Reality Sinks In

April 19th, 2011 Comments Off on Reality Sinks In

Okay I get it. Canada will not have a national carbon tax anytime soon. There will be no upstream cap and trade system either.

There is a slim possibility that we might see a federal version of the Western Climate Initiative. This version will include weak and mostly ineffectual incentives to encourage the participation of provinces not already committed. Even this slim possibility depends on two unlikely conditions. First, we need either a Liberal, or NDP, or a Liberal-NDP coalition government to form in the 41st Parliament.  Second, we need all parties other than the conservatives to continue to agree (see Pembina Survey) on the merits of pricing carbon. This would be a much harder once they are in government.

Realistically, irrespective of which government forms in the upcoming parliament, the federal government of Canada is not going to do anything different from what the United States does on climate change. The Environmental Protection Agency will mandate command and control regulations on large sources in the United States. Faced with the threat of border tax adjustments, we will follow.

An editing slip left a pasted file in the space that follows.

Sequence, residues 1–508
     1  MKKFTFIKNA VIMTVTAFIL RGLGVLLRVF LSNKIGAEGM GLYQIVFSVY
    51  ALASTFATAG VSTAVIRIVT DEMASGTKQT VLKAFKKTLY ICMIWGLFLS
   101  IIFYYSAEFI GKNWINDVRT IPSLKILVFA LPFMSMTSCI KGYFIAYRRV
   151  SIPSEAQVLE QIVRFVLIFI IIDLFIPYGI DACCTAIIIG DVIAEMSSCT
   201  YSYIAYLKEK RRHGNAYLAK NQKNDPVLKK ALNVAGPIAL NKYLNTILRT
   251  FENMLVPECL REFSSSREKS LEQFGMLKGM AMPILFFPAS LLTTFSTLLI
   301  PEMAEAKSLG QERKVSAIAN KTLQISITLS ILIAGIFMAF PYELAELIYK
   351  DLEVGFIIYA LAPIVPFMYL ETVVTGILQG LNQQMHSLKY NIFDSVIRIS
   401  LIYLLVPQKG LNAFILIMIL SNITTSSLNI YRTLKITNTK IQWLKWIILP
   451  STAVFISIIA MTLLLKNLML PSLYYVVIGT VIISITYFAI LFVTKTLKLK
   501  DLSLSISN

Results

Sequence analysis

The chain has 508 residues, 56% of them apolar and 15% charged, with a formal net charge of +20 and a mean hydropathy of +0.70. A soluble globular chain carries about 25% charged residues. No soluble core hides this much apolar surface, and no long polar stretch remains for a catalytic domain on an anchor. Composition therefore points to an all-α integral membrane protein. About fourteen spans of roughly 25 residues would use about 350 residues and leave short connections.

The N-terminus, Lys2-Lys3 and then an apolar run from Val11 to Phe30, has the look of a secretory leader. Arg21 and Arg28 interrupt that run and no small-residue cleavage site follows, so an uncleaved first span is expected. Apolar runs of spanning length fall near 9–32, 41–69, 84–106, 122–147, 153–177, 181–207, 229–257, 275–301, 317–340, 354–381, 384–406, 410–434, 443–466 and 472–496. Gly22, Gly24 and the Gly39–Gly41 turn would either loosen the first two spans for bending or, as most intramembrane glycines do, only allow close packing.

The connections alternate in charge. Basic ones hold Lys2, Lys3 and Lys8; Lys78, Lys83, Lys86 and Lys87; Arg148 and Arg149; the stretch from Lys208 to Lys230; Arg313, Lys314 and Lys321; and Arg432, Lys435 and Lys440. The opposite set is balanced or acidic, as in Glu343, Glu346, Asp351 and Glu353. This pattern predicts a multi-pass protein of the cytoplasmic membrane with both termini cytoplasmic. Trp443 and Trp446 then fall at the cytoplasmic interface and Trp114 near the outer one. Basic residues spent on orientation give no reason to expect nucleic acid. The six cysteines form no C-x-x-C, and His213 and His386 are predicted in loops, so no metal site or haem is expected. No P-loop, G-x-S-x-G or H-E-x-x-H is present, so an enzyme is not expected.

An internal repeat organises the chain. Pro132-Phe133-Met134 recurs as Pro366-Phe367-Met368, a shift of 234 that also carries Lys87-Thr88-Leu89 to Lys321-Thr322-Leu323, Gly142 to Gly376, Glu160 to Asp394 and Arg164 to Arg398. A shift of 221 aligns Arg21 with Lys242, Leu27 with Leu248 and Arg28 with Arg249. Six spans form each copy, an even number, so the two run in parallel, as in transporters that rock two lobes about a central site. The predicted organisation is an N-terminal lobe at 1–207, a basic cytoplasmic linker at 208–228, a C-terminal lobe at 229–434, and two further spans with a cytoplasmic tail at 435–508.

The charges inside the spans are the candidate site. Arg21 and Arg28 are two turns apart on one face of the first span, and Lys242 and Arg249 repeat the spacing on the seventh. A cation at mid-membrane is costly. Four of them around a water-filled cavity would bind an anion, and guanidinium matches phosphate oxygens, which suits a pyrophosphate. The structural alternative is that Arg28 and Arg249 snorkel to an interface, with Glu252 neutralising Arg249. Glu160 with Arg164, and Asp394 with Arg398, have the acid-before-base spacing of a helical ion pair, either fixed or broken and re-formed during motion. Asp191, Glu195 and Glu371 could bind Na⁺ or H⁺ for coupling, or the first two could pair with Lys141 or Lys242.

So reluctantly I accept that incentive based climate policy is not in the near federal future.  There is no way a climate change bill is getting through a republican house of representatives in my lifetime.

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  • About Me

    I am an Associate Professor in Environmental and Resource Economics at the University of British Columbia, Canada.

    Through my research I try to gauge the efficacy of policy designed to help the environment. This research is usually joint with colleagues from the University of British Columbia---the real brains behind it. I recently studied automobile sales in Canadian provinces to determine if tax rebates for hybrid vehicles were cost-effective. Studying appliance sales in the US, I analyzed whether mail-in rebates for energy star appliances helped promote their adoption. I am currently studying whether British Columbia's vehicle retirement program, BC SCRAP-IT is cost-effective and am trying to understand what motivates someone to participate in it.

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